Introduction: Glowing Comic/Anime Character Glasses

When tasked with creating a STEM activity for my local library's teen manga and anime club, I knew almost immediately that I wanted to make a pair of scary shiny glasses, having previously seen a viral video where someone else had created his own pair.

A trope made popular by comic book and manga/anime characters, like Kevin from the comic book series turned movie Sin City and Kyouya Ootori from the manga/anime Ouran High School Host Club, the glasses seemed like a fitting project for a group of teenagers who were likely to be budding cosplayers, and given the popularity of the trope, the teens could utilize the glasses for a variety of character costumes. However, the pair of light-up glasses featured in the video were--in my opinion--unnecessarily bulky and complex, especially for the time constraints of my two-hour class. So, in coming up with my own design, I knew I wanted deviate from the original in two ways:

First, I needed to create the glasses without the use of a soldering iron because, even if I had the time to teach approximately 15 teenagers how to solder, there wouldn't be enough irons to go around, and taking turns using the one or two available soldering irons would cut into precious class time.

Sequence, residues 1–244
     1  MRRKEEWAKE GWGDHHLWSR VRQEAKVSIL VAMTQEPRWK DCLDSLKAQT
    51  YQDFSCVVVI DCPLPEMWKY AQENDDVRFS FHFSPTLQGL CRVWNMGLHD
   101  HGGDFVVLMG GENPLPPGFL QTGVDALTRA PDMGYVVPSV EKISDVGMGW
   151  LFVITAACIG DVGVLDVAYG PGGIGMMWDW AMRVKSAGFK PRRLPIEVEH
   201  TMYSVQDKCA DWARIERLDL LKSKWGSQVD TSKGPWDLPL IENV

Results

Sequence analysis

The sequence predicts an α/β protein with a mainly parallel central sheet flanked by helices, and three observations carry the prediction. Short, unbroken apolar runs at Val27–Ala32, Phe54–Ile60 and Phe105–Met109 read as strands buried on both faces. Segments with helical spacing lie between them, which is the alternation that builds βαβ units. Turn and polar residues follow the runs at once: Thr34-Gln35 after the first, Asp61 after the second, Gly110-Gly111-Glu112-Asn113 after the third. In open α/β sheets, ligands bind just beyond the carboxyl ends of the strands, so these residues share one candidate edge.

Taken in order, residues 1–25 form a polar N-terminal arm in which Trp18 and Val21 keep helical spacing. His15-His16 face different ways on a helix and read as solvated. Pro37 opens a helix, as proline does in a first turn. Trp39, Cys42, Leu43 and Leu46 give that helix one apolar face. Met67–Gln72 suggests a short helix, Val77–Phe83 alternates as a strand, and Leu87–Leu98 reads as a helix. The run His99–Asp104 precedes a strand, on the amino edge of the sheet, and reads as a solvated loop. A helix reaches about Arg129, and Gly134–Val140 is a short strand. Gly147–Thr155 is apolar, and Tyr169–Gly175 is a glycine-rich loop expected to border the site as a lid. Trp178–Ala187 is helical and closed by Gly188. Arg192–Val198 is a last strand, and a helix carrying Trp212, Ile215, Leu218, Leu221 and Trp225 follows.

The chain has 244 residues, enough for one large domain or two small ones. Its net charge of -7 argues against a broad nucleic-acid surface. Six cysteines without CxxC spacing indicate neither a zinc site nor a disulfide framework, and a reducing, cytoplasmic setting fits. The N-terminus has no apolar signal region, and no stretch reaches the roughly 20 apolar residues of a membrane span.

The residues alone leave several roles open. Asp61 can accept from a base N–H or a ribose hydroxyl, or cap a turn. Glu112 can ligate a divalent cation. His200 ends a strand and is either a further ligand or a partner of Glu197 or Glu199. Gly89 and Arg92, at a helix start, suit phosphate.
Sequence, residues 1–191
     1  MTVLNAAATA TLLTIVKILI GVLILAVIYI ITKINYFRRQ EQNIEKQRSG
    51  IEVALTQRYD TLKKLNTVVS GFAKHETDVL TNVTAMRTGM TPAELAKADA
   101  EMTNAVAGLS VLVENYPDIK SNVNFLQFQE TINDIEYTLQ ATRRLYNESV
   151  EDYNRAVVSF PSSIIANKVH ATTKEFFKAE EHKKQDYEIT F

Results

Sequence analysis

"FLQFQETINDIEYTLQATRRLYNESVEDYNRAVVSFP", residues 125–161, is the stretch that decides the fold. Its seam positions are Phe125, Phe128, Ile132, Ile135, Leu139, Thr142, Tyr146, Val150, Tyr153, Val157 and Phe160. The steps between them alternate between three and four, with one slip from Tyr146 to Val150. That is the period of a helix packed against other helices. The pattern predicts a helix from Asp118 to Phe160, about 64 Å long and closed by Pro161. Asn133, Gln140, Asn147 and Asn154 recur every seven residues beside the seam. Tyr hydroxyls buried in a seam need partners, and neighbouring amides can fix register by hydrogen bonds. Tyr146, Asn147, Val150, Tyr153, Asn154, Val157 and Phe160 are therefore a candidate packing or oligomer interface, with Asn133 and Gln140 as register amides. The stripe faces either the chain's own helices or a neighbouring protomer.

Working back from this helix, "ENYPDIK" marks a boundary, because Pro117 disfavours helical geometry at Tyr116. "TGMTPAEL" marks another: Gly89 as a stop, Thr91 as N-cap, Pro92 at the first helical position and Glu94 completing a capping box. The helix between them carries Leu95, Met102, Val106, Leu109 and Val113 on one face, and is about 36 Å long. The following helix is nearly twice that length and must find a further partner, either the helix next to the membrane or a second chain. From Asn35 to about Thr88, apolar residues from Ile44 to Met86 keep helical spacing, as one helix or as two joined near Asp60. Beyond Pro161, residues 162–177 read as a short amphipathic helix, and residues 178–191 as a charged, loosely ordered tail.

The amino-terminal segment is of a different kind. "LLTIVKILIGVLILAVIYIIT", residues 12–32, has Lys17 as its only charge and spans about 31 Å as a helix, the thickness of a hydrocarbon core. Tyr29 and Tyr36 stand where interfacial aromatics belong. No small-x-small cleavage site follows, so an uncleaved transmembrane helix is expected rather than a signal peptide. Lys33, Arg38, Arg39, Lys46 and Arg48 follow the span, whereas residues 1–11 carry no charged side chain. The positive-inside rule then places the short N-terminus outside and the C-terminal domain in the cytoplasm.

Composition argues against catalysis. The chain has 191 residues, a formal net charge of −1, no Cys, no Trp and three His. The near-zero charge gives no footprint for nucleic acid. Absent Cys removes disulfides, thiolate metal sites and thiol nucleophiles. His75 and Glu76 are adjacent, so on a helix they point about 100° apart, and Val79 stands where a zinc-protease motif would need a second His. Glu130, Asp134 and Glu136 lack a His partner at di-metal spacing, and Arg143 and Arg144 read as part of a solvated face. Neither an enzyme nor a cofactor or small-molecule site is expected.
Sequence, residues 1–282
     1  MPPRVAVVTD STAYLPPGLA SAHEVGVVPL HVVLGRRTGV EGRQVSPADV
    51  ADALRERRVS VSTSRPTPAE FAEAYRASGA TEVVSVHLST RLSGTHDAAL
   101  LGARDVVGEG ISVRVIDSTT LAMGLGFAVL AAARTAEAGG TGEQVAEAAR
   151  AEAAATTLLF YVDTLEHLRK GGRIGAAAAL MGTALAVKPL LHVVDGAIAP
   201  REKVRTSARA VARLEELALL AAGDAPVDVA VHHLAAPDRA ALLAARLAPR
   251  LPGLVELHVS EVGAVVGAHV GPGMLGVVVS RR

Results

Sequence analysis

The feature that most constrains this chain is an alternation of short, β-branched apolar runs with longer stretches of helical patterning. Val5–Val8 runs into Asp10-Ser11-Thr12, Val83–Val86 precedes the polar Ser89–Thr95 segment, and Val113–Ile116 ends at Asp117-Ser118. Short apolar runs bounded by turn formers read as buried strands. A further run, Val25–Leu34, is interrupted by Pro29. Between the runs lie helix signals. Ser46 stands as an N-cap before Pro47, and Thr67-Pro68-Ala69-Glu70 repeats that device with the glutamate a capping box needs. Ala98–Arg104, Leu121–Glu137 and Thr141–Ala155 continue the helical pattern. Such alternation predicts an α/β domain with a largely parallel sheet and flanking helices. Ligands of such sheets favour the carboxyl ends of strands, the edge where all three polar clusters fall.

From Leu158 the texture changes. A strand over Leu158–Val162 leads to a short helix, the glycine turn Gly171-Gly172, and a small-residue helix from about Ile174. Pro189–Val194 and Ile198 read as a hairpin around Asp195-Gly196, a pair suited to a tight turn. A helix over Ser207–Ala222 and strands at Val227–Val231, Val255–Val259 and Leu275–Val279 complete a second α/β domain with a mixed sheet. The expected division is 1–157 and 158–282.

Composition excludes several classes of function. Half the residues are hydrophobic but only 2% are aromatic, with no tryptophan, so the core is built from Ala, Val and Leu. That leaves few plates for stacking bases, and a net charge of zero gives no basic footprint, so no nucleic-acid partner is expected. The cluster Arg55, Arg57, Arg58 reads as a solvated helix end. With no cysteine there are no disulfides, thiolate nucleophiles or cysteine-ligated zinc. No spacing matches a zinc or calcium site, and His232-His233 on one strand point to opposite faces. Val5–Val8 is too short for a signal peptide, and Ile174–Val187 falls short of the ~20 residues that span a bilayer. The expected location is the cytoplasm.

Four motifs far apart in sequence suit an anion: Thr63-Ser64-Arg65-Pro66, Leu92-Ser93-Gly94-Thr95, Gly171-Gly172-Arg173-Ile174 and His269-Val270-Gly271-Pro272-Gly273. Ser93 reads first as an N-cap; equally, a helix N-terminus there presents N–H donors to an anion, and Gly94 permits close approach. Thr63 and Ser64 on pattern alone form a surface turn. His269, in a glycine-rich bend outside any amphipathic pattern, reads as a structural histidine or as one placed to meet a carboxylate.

Second, I wanted to integrate the power supply into the actual glasses and eliminate the cumbersome wires and battery pack used in the original design. I knew teenagers would appreciate the compactness and convenience of not having to tuck a battery pack out of sight when taking selfies or wearing the glasses as part of a cosplay.

Not using a soldering iron for the electrical connections really limited my options, but it also made the Lilypad-style coin cell holder the obvious choice for my project because of its integrated on/off switch and circular connection points for easy no-solder wiring.


Step 1: Prepping the Lenses

In order to create the scary shiny glasses, the lenses need to be prepped so that the light from the LEDs is diffused and appears to glow like a computer monitor in a dark room. This is achieved by making the lenses less transparent.

We begin by gently removing the lenses from the frame [Image 1.01] and taking fine grit sandpaper to the backside of the lenses (the side closest to your face when the glasses are worn), moving the sandpaper in a circular motion until the lenses become cloudy [Image 1.02]. To further increase opaqueness of the lenses, take a piece of ~2-inch-wide masking tape and attach it to the back of the lenses, sticky side touching the lenses [Image 1.03]. Trim away the excess tape from the edges [1.04].

The lenses will now diffuse the light, but before you can pop them back into the frame of the glasses, there is one more step to complete...

Step 2: Mapping the Electronics

Take your lenses and trace them onto some cardstock or other thin opaque material [Image 2.01]. The cardstock has two purposes:

- To provide a surface for mounting the electronics.

- To block out the light so that the LEDs do not blind you while wearing the glasses. (If you haven'y figured it out by now, you will not be able to see through the glasses while wearing them, but you can peer over them easily.)